Craig Jeffery: Excellent. So knowledge, capability, and economy. I think those fall into the category that we would refer to as the democratization of technology. That the capabilities exist. They are available to many more smaller companies. I know that’s been a big theme of conversations we’ve had with you and Tracy and Anise and everyone else. That is excellent but I’d like you to dive into what are companies going to do and what are they going to leverage specifically?

Tom Leitch: Yeah, I think companies are going to be leveraging technology in general much more. Now, if you look at 2018. Let’s say the first half. I spoke to no customer who had their own, or was prepared to have their own system installed on their own private cloud. If you look at the second half of 2018, we have seen customers coming to us saying ” I would like you to install your system on our private cloud.” So we’re seeing that change already move forward. So, what we’re predicting for 2019 is many more customers come and say “look, we have this environment, we know it’s secure. We want to put more of our systems onto our own cloud. Which is perfect for us because we can then give them access, for example, to the database so they can go and query it and integrate with systems like Hyperion and other items like that. So, i very much think that 2019 we are going to see a very big push toward the utilization of also private cloud but also massive increase in the idea of singleton non-tenant SaaS environments.

Tom Leitch: Now, what other customers, of course, will be looking for in the future. A number of areas resides around faster payments and integrating their systems together so they can approve and get those payments out as quick as possible. One area we’re seeing in the future is going to be around more use of the XML formats, also XML. We see more and more banks accept that. It’s becoming much easier for us to map country formats into that specific one. We just have to add a few additions to it and off you go. So, for example, what used to take two weeks is now taking two or three days for formatting the payment files because many more banks are now accepting these formats.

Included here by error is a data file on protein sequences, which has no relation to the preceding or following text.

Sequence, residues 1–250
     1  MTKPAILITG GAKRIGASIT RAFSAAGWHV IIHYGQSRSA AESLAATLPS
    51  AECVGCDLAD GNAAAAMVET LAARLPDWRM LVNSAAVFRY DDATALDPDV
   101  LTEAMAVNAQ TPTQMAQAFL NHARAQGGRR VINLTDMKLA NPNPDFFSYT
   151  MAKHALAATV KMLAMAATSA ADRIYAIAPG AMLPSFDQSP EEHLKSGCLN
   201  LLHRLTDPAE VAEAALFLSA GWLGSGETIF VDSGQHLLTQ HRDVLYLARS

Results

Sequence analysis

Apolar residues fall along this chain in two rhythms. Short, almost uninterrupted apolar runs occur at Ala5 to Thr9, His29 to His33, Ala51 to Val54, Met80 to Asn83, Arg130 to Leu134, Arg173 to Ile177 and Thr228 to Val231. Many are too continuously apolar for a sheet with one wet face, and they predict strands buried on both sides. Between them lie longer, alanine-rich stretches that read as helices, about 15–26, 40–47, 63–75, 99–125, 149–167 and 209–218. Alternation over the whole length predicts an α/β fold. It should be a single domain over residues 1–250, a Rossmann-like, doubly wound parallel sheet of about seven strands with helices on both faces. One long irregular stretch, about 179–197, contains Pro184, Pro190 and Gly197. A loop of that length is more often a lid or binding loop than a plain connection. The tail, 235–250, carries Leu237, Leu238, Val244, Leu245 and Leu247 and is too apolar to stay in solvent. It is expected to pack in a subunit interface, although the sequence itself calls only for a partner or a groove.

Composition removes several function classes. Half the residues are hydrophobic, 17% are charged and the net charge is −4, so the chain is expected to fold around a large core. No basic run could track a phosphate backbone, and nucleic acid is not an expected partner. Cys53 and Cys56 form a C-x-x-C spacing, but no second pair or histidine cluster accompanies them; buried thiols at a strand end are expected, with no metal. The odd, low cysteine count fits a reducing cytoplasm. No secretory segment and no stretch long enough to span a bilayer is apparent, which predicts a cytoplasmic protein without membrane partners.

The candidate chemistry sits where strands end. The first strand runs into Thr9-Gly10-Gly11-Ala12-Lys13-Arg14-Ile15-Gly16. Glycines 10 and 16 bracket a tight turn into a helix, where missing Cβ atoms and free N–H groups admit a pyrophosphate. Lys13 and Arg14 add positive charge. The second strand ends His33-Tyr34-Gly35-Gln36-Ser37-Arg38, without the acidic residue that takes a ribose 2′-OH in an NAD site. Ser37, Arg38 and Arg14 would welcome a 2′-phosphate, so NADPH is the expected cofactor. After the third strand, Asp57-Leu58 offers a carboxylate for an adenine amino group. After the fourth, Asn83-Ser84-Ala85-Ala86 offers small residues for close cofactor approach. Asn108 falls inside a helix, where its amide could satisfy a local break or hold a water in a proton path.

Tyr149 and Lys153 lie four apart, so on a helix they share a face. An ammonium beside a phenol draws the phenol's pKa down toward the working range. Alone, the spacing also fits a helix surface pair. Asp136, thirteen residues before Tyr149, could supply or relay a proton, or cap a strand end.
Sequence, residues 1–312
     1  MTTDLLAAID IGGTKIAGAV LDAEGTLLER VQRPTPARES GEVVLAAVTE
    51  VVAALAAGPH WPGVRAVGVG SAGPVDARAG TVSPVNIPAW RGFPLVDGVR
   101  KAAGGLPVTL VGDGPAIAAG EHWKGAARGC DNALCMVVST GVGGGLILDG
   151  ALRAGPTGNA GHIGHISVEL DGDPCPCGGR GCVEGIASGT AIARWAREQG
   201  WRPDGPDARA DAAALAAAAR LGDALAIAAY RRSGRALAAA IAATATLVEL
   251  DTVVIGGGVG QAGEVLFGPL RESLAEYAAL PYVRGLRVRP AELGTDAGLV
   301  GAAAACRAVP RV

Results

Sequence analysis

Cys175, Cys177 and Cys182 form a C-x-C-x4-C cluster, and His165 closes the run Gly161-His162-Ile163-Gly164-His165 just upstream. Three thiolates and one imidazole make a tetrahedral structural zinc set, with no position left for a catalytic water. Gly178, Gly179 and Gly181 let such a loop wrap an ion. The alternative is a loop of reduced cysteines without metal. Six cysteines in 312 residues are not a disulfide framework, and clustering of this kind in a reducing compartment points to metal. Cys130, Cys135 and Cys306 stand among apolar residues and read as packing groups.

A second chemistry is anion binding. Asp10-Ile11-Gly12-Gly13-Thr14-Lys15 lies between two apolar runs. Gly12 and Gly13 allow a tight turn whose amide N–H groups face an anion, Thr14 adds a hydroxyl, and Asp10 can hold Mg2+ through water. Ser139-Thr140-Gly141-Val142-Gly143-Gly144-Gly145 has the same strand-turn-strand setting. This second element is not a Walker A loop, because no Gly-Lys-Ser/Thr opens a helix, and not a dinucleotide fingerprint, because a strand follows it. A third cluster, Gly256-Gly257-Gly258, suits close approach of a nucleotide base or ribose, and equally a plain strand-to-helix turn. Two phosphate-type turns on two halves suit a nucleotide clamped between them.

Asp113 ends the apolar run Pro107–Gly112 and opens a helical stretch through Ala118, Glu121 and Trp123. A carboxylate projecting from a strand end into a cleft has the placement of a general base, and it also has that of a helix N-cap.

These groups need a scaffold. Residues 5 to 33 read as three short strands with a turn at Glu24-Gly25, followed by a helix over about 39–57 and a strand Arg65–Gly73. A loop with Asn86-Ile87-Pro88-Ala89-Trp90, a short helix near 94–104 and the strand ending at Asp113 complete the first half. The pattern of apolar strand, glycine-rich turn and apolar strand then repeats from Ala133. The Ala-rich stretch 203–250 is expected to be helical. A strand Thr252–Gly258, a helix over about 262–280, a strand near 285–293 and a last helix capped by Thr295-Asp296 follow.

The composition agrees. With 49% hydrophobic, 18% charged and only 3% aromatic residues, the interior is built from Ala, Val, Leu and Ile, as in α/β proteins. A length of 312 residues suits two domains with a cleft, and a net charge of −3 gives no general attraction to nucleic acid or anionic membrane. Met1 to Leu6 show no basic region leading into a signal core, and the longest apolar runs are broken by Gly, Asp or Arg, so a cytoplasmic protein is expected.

Tom Leitch: One of the big areas we are seeing and we have extreme high hopes for 2019 is the concept of virtual account management. Whilst this has existed for sometime now, no one has been able to crack the concept of having a virtual account matching system integrated fully with a TMS. So, for the extreme version of this for example, you could clear down to one account in your banks and then have an entire virtual structure below it where you can do POBO and ROBO. And you can do all of this in relation to your ERP so you can reduce vast number of bank fees and speed. Manage your own accounts across your whole company through a virt account management system.

Tom Leitch: Science says there is a flurry in the main areas of what we’re seeing come into 2019. Along with the idea that, as you mentioned earlier, that democratization of treasury workstation being used by all customers. So, we’ve seen a marked rise in the small customers come on board, select us through a due diligence process where they invite vendors in to talk and see what their companies can do and how they can help. So it’s no longer, and this has been a huge change in the last two years, no longer is it really a system that large companies can afford or international companies need. Domestic and small companies are now adopting these TMS’s. As you rightly say, we have democratized what has been going on through speed and efficiency but also through cost.

Craig Jeffery: Excellent Tom. I like the discussion about the virtual accounts and pay on behalf of or POBO and receive on behalf of ROBO. There’s probably a lot more I’d like to ask you but we will have to leave that for another podcast or discussion. Thanks for your insights in terms of what companies have been doing, how that’s changing, some of the thoughts on private cloud, faster time to connectivity, scalability, and some of the changes on the workflow. Very excellent. Thank you Tom.

Tom Leitch: Thank you very much Craig for having us. Always a pleasure. I look forward to having one again on the future where we’ve changed the entire treasury industry.